This is a case 51 year-old female with no known comorbid illness who presented two years prior to consult with right ear pruritus. She consulted an Ear, Nose, Throat (ENT) specialist where unrecalled otic drops was prescribed which afforded temporary relief of symptom. One year prior to consult, right ear pruritus recurred, associated with yellowish, non-foul smelling ear discharge. A small mass was noted occupying the external auditory canal. She was advised excision biopsy and histopathology showed squamous cell carcinoma. She was advised further evaluation and imaging however was lost to follow up.
Five months prior to consult, due to recurrence of the mass, she sought second opinion with another ENT specialist and Temporal Bone CT scan was done which revealed a right external auditory canal mass with osteolytic changes and extension to the middle ear, mastoid and base of the posterior cranial fossa. She was advised surgery but opted to delay the procedure.
Patient came back with symptoms of right ear fullness, and tinnitus. She underwent Lateral Temporal Bone Resection, Right, with Facial Nerve Sacrifice. Intraoperatively, a fungating tumor occupies the mastoid cortex and the right external auditory canal was obliterated. Specimens were sent for Histopathology which revealed Squamous Cell Carcinoma, of the Right Ear canal, well-differentiated, with bone invasion (Figure 1).
Due to the extent of the tumor, a macroscopic residual disease was apparent. Patient was referred to radiation oncology and Medical oncology services.
Chest CT scan was done which showed biapical pleural thickening and subcentimeter non-calcified pleural-based nodules in both lung apices. No mass lesion or enlarged lymph nodes were noted.
On physical examination, facial asymmetry was noted on the right, with incomplete eye closure and shallow nasolabial fold. The rest of the examination was normal. Patient was advised Concurrent Chemotherapy and Radiation Therapy with Cisplatin (100 mg/m2) on days 1, 22 and 43 of External Beam Radiation Therapy 70 Gy given in 33 fractions. Patient was able to complete radiation therapy however opted not to continue chemotherapy after Cycle 1.
Twenty months after completion of radiotherapy, patient presented with one-month history of headache. Physical examination showed right peripheral facial palsy and decreased gross hearing, right. Repeat evaluation scans showed interval increase in size and extent of the neoplastic process involving the right external auditory canal, presently demonstrating greater degree of osseous destruction with middle ear and middle cranial fossa extension and probable skull base involvement (Figure 2).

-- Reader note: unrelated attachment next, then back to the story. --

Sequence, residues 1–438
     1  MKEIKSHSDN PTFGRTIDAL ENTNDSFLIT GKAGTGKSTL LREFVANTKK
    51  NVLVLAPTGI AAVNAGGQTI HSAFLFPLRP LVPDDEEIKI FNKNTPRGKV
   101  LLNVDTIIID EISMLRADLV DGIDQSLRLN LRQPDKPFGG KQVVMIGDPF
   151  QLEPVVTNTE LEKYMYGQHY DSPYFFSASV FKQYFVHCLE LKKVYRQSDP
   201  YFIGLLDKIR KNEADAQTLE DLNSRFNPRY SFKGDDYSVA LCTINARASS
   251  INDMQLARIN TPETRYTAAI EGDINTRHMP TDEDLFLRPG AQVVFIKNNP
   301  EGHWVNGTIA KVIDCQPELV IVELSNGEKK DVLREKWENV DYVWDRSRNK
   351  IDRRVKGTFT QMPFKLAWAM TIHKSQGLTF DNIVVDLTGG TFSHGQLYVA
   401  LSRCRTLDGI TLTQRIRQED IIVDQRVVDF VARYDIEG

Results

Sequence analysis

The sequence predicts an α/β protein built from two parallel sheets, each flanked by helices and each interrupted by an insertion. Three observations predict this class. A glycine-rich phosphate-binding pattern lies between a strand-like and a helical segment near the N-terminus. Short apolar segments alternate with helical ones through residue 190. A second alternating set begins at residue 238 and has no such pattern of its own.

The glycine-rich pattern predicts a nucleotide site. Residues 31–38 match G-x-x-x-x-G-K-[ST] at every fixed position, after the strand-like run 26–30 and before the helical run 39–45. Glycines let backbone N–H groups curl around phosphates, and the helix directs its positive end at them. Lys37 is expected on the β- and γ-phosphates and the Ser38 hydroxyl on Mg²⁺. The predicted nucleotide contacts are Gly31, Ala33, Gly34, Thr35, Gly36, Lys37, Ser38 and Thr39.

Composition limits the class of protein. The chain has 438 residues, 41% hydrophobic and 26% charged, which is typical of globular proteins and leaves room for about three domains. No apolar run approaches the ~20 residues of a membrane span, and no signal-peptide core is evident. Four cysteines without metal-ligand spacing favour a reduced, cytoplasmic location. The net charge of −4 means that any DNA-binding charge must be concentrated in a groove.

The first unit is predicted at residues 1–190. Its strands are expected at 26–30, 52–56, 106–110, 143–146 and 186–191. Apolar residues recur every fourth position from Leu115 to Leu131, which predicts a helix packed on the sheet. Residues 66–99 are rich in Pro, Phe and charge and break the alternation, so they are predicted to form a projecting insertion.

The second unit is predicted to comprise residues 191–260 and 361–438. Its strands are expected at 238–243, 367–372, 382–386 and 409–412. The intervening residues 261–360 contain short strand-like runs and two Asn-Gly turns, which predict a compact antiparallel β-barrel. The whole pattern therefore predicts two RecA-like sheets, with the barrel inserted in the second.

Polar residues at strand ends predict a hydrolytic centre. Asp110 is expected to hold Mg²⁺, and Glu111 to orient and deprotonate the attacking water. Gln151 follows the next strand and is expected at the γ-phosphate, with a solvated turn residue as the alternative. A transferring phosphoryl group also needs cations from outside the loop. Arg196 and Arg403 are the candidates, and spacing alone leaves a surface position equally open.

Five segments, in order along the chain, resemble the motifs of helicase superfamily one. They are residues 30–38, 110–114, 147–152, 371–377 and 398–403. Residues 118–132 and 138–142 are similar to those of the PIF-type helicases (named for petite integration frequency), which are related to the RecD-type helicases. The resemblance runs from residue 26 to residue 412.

There is also temporal and parietal lobe edema with subfalcine herniation and right uncal fullness. Findings were corroborated with Cranial MRI which also showed beginning obstructive hydrocephalus.
Patient underwent Right Temporal Craniotomy, Craniectomy, Excision of Tumor, Decompression, Duraplasty and Wide Excision of right external auditory canal mass, partial labyrintectomy. Histopathology report of right temporal tumor showed metastatic moderately differentiated squamous cell carcinoma with bone, dura and brain invasion. Right ear canal and middle ear mass are consistent with squamous cell carcinoma, moderately differentiated with extensive lymphovascular invasion (Figures 3A-3D).
Patient underwent Palliative Radiation Therapy, right ear, 40 Gy divided into 20 fractions.
Case No. 2
A case of a 53 year-old male with no known comorbid illness who presented six months prior to consult with scanty watery ear discharge from the left ear with no other associated symptoms such as hearing loss, ear pain nor fullness, tinnitus, dizziness, itchiness, facial pain, nasal obstruction, blurring of vision, cough, nor colds. No consult was done nor medications taken.